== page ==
Add to .htaccess after…

RewriteEngine on
RewriteCond %{REQUEST_METHOD} POST
RewriteCond %{HTTP_REFERER} !https?:\/\/example\.com\/ [NC]
RewriteRule .* - [F]

The Techbuket Story

Today, Dec  4th 2013 is Techbuket’s 4th birthday. I wanted to share some of the backstory behind Techbuket, as much as I can remember anyway. There’s not much to it and it’s not that interesting but I figure some people may like to know.

Techbuket was actually not my idea but of a friend of mine. He wanted to share interesting and funny pictures we found on the internet of course. I had some experience with getting websites up and running before which is why I assume he asked me for help. We set up on some crappy free host with a free sub-domain and put a WordPress blog on it. We started some Flickr page were people could submit images.

After some time I felt that WordPress was overkill for just another image blog. So I started learning some PHP to build my own software.

By now, my friend seemed to become mostly uninterested in the site, although still liked the idea and how it was going. I didn’t have time to find my own content to put on the site so I started adding some user generated content features (uploads, comments, voting). We were becoming slightly more popular each day, I kept getting emails about using up the pitiful bandwidth allowance, and so I decided to throw a few pennies at the site, getting a real domain and hosting.

We became very popular after post #421 and the visitors and new content rushed in. I got some other friends to handle some site management. I tried adding a BBS so visitors had more freedom in conversations, but this never took off, mostly because of terrible code.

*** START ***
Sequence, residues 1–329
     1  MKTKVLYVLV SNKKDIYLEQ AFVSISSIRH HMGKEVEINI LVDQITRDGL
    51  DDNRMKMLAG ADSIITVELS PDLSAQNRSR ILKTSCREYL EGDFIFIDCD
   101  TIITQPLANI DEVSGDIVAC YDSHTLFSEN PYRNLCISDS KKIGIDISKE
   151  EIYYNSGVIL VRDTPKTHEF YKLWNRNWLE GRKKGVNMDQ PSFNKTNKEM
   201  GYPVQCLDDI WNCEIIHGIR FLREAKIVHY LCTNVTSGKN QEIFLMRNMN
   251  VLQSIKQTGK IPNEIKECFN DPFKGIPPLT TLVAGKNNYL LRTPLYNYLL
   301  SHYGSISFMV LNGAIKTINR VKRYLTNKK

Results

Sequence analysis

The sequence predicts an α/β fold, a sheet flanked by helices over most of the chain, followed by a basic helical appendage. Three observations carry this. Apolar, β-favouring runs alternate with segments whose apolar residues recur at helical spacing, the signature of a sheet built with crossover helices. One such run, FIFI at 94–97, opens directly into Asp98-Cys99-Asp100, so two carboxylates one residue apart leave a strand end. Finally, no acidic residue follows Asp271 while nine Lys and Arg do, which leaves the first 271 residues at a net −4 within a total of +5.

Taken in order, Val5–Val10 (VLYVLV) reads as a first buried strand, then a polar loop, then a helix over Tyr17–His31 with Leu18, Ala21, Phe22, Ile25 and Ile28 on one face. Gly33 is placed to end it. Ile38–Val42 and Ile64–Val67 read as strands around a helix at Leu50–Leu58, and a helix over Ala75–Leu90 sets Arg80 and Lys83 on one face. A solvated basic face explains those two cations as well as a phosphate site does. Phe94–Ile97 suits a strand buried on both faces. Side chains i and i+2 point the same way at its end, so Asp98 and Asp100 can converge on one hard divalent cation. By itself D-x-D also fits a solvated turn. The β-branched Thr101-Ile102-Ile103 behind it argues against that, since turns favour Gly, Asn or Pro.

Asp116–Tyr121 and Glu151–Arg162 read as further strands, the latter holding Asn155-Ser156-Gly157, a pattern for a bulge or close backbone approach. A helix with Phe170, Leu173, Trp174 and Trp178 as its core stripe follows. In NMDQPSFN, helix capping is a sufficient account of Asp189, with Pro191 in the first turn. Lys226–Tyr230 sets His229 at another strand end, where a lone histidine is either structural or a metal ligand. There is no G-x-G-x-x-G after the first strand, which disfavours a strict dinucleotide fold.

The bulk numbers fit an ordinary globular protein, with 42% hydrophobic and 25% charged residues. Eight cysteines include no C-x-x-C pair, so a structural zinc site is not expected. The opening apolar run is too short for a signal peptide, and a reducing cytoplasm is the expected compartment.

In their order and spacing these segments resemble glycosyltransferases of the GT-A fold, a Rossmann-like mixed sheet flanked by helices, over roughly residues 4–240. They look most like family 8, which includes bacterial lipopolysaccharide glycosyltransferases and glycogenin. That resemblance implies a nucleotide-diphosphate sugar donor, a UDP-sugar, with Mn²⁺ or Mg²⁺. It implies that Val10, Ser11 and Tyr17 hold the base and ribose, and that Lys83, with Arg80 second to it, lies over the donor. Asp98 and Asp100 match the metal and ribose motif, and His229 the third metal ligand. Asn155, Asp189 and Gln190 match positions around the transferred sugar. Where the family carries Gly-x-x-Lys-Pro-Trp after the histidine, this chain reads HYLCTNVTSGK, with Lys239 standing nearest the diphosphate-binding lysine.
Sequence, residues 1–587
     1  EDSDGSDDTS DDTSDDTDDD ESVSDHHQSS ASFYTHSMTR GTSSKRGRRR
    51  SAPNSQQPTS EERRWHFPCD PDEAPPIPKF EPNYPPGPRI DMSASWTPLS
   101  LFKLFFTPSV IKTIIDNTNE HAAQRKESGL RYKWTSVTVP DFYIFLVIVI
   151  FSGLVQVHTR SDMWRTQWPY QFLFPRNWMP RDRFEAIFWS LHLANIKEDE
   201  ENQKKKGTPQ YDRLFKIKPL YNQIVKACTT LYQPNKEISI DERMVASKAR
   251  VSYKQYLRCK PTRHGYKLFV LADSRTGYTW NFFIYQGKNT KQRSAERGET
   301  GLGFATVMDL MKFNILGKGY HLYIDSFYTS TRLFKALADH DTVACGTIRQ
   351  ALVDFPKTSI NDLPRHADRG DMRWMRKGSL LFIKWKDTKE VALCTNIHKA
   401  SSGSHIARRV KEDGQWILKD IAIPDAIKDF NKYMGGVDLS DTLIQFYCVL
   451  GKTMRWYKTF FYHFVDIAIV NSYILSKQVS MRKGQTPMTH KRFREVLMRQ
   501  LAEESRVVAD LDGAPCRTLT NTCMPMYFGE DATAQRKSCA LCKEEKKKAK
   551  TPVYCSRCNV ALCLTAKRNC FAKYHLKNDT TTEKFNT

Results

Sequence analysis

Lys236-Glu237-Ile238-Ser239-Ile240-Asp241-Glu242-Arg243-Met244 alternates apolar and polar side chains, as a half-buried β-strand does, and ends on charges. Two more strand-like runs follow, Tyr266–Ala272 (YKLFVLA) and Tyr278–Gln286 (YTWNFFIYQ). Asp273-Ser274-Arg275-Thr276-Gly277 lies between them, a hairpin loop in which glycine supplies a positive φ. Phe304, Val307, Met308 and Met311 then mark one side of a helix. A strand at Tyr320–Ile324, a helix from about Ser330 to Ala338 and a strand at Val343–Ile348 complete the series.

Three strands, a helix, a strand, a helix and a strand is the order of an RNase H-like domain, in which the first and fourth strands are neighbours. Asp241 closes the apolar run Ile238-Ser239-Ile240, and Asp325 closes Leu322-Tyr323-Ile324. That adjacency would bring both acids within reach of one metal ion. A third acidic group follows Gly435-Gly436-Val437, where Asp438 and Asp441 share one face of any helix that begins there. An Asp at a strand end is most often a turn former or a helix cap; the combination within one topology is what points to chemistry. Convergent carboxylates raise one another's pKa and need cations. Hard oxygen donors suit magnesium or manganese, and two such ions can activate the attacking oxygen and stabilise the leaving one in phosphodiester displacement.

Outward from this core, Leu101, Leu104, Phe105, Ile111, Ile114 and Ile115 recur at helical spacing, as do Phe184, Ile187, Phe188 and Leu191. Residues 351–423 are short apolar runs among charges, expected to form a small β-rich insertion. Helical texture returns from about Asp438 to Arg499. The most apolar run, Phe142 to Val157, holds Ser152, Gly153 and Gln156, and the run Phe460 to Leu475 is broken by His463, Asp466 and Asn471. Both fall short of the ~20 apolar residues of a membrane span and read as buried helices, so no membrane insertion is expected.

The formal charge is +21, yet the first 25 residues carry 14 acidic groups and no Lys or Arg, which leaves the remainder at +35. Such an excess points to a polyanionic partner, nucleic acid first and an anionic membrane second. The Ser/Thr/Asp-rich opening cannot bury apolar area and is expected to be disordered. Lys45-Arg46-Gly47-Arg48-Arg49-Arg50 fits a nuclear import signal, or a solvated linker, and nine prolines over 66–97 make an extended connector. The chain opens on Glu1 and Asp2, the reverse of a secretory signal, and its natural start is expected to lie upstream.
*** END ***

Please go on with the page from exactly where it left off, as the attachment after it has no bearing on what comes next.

We’ve had many iterations of the sites design over the few years, which have improved each time. At first it was an apparently terrible black, red and yellow colour scheme. I then later changed to a Futaba-like blue colour, which has sort of stuck. I improved it using Bootstrap 2.x after seeing an increase in mobile traffic, and recently upgraded to Bootstrap 3.

Although, now we are not as popular as we once were, we seem to have hit a level with a reasonable amount of visitors a day. I fund the site out of my own pocket and run it on my own. We don’t have advertising on the site as a lot of the content isn’t ours, although we have tried in the past but never made much from it.

Nowadays, I don’t have much time to add new features to the site. I mostly do work for other web projects I now spend my time doing which are beginning to take off, although I still mess with Techbuket’s code from time to time, and throw pennies at the meter.

Adobe Flash Player Offline Installer

Adobe has made it difficult to find their offline installer for Flash Player over preference that you download the web installer.

This is ok, unless you want to deploy Flash Player for multiple computers without having to re-download the same large file multiple times, in which case it would be better to use the offline installer.

These links bellow go directly to the offline installer for Adobe Flash Player:

Flash Player for ActiveX (Internet Explorer)

Flash Player Plug-in (All other browsers)

(Source: helpx.adobe.com)